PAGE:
If some interesting information about the “Extreme Dust Test” I read is true then much of this article is completely misleading. 1. There was more than one Extreme Dust Test supposedly there were three and the M4 scores varied to an alarming degree. If I remember correctly the M4 carbine had 288 failures in the first test, which would make it just as good as the supposedly “new” rifles. In the second Extreme Dust Test the M4 carbine scored a disconcerting 882 failures. However, this score was made by a different testing official than the first test and it has been suggested that the official for the second test did not take in consideration the M4 three round burst automatic fire cam that does not reset itself. So a large portion of his “malfunctions” were actually the normal function of the rifle. In the third test the M4 scored an outstanding 61 failures which would make it better than the newer rifles. 2. The M4 carbines used in the second Extreme Dust Test were actually used army carbines that were withdrawn from service because they were in need of maintenance and no longer performed to specifications whereas the new rifles were specially prepared ( over-gassed ) for the test. 3. The newer rifles were literally falling apart before the test was completed the XM8’s polymer lower receiver cracked and the newer rifles actually had more catastrophic failures than the M4. Meaning that the M4’s malfunctions took ten seconds or less to correct but the newer rifles had more failures that required the rifles to be disassembled and major parts to be replaced.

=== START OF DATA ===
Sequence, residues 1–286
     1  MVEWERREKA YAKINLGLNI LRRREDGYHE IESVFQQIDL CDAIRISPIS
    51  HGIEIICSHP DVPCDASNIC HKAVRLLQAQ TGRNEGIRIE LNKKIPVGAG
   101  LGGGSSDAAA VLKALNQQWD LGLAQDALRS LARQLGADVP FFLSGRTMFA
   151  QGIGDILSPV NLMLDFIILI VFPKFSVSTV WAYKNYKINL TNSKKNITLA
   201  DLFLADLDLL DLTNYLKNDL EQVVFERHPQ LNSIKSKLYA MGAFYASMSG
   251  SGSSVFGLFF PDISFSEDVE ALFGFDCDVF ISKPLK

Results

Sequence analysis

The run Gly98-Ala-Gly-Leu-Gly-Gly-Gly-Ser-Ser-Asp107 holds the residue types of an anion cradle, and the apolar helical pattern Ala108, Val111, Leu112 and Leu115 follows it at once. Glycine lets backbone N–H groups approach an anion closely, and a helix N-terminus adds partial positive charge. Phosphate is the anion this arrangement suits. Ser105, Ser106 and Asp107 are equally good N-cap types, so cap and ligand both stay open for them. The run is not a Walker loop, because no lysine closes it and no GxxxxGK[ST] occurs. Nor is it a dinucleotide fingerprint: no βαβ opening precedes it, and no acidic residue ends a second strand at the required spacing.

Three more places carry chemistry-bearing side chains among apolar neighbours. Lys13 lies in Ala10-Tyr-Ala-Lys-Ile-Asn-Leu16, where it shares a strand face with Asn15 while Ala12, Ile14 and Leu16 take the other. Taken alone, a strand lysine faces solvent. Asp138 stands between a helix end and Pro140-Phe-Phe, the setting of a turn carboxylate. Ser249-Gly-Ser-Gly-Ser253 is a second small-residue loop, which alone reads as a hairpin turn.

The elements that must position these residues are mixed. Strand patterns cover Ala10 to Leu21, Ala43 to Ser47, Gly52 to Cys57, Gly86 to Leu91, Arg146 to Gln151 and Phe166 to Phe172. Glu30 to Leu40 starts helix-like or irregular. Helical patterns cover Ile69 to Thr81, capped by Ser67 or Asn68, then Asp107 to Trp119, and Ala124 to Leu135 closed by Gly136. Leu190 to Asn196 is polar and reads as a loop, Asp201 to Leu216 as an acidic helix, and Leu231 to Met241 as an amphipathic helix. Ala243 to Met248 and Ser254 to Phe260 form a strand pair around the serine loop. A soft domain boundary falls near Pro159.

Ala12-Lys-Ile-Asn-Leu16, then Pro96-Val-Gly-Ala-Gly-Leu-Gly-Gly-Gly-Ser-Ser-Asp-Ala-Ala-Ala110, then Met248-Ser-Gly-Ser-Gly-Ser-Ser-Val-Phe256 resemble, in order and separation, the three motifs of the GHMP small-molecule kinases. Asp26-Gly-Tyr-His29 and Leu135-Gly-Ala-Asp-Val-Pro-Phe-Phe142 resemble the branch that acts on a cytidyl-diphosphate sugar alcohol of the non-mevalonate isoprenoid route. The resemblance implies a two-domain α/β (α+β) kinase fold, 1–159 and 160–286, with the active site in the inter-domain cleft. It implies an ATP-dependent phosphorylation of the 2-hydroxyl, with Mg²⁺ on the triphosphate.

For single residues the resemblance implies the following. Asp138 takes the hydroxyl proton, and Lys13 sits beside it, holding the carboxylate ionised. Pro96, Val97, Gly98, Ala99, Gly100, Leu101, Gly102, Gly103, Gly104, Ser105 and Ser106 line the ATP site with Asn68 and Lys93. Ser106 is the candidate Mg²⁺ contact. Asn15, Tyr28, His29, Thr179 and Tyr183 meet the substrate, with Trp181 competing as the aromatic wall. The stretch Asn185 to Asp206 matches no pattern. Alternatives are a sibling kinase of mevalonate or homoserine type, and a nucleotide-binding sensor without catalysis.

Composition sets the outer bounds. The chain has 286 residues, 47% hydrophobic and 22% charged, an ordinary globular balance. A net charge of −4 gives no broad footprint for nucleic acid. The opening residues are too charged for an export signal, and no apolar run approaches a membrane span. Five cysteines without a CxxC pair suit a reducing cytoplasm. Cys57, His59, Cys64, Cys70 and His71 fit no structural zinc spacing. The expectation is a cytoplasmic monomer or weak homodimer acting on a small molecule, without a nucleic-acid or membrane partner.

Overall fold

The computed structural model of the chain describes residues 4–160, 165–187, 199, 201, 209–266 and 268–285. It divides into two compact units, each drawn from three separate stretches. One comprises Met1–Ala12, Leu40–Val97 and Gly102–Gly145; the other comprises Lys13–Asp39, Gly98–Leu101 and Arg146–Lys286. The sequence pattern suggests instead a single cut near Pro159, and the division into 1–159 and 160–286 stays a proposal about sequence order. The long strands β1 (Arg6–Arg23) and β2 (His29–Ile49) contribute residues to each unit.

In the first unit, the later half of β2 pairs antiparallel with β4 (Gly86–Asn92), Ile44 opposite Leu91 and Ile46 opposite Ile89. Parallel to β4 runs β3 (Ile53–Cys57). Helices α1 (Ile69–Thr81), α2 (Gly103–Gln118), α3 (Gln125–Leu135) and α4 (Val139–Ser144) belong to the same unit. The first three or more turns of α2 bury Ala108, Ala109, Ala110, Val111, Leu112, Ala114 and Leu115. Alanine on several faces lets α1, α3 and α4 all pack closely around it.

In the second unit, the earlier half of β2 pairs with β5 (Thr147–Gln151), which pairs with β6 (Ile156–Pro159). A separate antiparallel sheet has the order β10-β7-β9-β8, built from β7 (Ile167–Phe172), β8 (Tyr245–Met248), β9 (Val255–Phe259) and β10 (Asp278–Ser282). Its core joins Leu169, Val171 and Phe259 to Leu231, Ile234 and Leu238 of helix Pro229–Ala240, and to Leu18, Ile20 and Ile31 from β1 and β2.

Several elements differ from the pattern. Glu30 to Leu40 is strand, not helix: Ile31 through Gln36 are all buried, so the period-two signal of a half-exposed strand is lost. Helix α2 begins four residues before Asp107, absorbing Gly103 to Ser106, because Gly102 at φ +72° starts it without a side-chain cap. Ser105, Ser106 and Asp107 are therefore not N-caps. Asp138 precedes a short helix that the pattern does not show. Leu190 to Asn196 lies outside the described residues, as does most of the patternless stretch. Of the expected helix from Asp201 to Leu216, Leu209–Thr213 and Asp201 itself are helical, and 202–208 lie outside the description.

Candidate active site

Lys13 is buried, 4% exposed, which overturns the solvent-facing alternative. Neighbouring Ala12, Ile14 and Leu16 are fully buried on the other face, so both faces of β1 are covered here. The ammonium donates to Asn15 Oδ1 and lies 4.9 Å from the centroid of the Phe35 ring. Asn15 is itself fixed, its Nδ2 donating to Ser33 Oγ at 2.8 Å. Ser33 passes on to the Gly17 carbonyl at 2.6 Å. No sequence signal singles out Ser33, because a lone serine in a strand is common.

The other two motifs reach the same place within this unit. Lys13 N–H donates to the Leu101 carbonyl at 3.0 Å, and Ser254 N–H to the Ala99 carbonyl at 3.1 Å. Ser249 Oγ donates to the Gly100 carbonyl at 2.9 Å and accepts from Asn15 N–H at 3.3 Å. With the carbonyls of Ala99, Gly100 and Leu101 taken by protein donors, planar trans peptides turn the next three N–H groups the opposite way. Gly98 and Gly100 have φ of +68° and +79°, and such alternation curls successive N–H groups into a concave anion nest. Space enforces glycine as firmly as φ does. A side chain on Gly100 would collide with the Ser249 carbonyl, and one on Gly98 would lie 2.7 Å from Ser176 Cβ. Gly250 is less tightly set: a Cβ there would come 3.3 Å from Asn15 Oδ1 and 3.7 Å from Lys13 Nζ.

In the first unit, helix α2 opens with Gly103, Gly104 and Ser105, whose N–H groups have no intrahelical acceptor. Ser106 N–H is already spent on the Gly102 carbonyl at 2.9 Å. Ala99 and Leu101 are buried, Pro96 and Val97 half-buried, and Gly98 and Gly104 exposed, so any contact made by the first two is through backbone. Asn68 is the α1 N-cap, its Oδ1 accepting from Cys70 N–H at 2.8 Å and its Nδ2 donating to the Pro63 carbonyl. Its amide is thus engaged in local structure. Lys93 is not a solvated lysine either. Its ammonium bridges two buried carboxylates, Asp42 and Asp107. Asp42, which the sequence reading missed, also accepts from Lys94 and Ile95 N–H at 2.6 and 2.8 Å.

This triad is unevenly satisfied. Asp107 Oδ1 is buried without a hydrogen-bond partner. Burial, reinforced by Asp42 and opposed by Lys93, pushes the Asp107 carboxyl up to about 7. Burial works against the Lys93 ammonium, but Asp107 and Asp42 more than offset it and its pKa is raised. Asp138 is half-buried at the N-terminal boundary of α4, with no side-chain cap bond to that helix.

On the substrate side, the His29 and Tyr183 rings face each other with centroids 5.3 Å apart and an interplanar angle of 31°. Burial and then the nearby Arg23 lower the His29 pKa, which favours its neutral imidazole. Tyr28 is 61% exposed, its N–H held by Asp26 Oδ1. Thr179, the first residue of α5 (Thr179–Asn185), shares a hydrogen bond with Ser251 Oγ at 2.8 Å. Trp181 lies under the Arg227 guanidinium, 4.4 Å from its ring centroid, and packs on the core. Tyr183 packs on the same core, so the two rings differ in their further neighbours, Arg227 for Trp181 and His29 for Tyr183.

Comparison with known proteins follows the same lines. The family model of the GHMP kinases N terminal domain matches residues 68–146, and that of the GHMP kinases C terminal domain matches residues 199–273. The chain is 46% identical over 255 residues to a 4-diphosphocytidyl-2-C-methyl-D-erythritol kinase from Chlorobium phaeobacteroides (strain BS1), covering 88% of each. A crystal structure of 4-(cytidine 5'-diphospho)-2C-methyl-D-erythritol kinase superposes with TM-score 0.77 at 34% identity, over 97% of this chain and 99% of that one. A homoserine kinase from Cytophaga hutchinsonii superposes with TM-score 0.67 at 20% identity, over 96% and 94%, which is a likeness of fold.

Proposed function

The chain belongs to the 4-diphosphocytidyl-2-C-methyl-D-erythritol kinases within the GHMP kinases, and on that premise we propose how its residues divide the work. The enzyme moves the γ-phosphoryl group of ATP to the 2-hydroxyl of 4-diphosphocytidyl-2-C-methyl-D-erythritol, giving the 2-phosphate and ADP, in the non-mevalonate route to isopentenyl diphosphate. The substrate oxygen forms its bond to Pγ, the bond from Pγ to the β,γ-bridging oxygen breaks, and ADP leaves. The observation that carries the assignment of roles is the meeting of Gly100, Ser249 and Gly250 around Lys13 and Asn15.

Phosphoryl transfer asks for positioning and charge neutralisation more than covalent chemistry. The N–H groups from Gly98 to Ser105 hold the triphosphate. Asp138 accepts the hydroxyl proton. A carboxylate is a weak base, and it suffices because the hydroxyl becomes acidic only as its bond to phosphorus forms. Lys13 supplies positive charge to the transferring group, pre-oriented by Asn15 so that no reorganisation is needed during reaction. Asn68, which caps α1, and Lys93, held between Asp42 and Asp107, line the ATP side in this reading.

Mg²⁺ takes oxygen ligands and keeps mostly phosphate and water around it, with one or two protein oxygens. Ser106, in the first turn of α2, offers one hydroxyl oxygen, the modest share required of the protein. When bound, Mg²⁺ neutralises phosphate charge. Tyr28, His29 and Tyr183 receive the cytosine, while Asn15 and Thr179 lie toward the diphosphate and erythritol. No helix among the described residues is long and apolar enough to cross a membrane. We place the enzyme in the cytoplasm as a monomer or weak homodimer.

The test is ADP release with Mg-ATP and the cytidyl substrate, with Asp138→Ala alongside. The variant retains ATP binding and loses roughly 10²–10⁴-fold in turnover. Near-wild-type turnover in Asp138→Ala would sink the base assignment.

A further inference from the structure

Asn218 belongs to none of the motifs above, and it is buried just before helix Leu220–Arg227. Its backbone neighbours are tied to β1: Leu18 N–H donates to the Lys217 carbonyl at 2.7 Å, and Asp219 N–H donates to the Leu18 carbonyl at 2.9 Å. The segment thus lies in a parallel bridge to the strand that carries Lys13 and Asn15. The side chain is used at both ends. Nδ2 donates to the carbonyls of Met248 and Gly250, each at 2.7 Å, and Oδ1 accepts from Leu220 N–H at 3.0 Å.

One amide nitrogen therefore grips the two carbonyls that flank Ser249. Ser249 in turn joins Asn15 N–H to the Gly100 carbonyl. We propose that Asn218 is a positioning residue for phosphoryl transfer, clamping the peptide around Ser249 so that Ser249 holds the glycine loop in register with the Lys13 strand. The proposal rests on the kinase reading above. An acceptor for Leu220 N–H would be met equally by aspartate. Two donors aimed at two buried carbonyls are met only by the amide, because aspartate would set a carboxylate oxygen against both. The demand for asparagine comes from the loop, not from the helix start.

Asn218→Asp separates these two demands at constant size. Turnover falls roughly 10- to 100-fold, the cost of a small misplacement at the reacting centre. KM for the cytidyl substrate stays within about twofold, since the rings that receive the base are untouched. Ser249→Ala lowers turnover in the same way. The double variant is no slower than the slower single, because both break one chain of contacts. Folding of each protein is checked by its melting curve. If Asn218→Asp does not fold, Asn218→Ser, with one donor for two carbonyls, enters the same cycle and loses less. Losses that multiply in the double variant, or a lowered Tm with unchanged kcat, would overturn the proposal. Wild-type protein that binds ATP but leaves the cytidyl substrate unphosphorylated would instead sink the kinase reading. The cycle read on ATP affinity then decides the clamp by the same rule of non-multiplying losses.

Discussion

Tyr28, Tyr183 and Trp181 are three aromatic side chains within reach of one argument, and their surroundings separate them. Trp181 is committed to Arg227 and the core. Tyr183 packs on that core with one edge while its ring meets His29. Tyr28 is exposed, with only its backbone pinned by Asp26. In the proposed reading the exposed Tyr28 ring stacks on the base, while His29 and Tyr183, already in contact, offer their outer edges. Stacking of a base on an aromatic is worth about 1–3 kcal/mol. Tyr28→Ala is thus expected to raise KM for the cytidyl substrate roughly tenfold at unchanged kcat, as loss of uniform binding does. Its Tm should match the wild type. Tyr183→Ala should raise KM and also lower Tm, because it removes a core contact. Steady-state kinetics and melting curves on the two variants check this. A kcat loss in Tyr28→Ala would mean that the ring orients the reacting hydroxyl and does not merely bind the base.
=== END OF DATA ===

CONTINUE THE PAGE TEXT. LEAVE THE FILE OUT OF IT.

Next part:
4. The US Army Airborne Rangers deployed to Afghanistan armed with FN SCARs and a significant percentage of them were not satisfied with the SCAR’s durability i.e. butt stocks breaking, charging handles breaking off and the reciprocating charging handle causing malfunctions.

  • John Wayne

    first off your stupid for saying that. cuz they have never said that about the m1 series of AR’s. lol. and thank you {R.C.} for explaining that to this moron.

  • mingju

    The AR-15 firing 223 Remington Hog Hammer round featuring the 62 grain all copper Barnes TSX expanding bullet from Barnes Bullets is a pretty decent choice for hunting game up to the size of deer. The bullet is superior to bullets containing lead because it doesn’t fragment, it retains 100% of its weight when shot into a flesh and bone target meaning it penetrates further than other bullets of the same weight and it keeps its mushroom shape. Also this bullet is about the most accurate hunting bullets available.

  • LarryNC

    It is my understanding that the 5.56 round was chosen because it was more likely to wound a man. The thinking at the time was that if you kill a soldier on the battlefield, you have removed one enemy soldier from the fight. But if you wound an enemy soldier, that soldier will be carried off the field. Thus you have eliminated three enemy soldiers from the battlefield, the one wounded man and two others that it took to carry him away. Personally, I have always preferred the 7.62X39 round myself.

  • Ed Watson

    Sounds to me like certain brass wanted the search to fail. They didn’t tell the manufacturers the parameters until the competition was over. They didn’t give the manufacturers the ammo they were going to use until it was too late to make changes. Rigged from the start.

  • Michael

    Why does the Army have to reinvent the wheel? There are already a number of different designs in current use with various nations that are superior to the M4 in reliability. The Steyr Aug, the Galil, the TAR21, The HK416, even the AK 47/74 (Gasp!!) would be better weapons than the M4, which is complex, over engineered, and requires lots of maintenance. Were any of these considered? Politics, rather than practicality, has ruled the military’s selection of weapons ever since the 1950’s.